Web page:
Have you ever had a conflict where you went out of your way to avoid that person, or they went out of their way to avoid you? how would you describe your feeling during that time? How was the conflict resolved?
THE SICK (v 17-22)
The third group the Psalmist describes are the sick. An illness that is the consequence of sin. Ryan pointed out that at times in history and in the Bible it was common for people to try and assign all illness to a correlating sin. in John 9 Jesus disciple upon encountering a blind man ask Jesus if it was the man or his parents who sinned and caused this malady. It's a lie for us to believe that sickness and affliction
What is the difference between a punishment and a consequence?
The psalmist goes on saying that often the afflicted are so sick they hate the sight or even the idea of the cure.
Have you even been afflicted and hated the remedy?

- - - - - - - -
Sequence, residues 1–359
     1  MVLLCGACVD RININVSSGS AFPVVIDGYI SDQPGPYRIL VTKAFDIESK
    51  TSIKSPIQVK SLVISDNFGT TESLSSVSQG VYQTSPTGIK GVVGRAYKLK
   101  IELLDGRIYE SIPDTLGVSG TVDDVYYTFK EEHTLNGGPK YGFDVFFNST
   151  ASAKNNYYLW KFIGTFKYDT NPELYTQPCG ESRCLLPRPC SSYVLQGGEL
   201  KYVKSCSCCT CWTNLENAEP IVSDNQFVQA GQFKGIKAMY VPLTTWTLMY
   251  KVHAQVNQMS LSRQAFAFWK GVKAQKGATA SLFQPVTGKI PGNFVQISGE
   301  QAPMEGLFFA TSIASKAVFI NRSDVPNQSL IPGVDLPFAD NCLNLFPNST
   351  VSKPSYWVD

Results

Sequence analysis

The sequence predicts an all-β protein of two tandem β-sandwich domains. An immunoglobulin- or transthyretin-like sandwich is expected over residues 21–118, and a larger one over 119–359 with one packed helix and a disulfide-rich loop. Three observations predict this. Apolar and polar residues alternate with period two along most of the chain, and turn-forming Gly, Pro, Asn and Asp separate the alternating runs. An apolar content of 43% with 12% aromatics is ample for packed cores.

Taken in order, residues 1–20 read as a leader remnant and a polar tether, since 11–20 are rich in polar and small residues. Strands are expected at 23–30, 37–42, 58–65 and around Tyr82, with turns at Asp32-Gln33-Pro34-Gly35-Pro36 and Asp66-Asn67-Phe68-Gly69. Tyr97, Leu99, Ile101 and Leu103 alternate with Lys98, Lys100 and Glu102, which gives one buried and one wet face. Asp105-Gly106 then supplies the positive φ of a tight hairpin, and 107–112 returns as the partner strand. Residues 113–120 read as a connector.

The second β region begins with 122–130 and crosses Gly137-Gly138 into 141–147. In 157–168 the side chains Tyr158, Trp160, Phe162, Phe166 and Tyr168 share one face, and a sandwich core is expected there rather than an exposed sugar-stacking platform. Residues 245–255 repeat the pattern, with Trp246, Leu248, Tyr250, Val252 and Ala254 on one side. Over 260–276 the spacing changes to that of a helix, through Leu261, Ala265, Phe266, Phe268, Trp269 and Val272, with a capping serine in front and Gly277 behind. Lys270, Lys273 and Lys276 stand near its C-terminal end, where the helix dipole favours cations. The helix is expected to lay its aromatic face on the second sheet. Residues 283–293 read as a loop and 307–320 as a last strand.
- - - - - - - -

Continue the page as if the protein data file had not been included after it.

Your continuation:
We all have sinned and all are sick meaning we the remedy of Jesus.
What does it look like for us to despise the cure of Jesus in our lives?
That same promise again appears in the Psalm, that we can cry to God and He will heal us. Not just make us more comfortable, or treat the symptoms, but truly heal us. A work that can only be replied to with thanks.
Has God healed you of a sickness or consequence lately? Is there a consequence or sickness we can all take to God with you, and cry out to Him that we might see His work and rejoice?
THE FEARFUL (v 23-32)
The last group is described as sailors who find themselves in the midst of a storm, fearing for their lives. It's unique among the stories as the people in this scene did not sin, rebel, or wander. They were going about normal business and yet now find their lives in danger.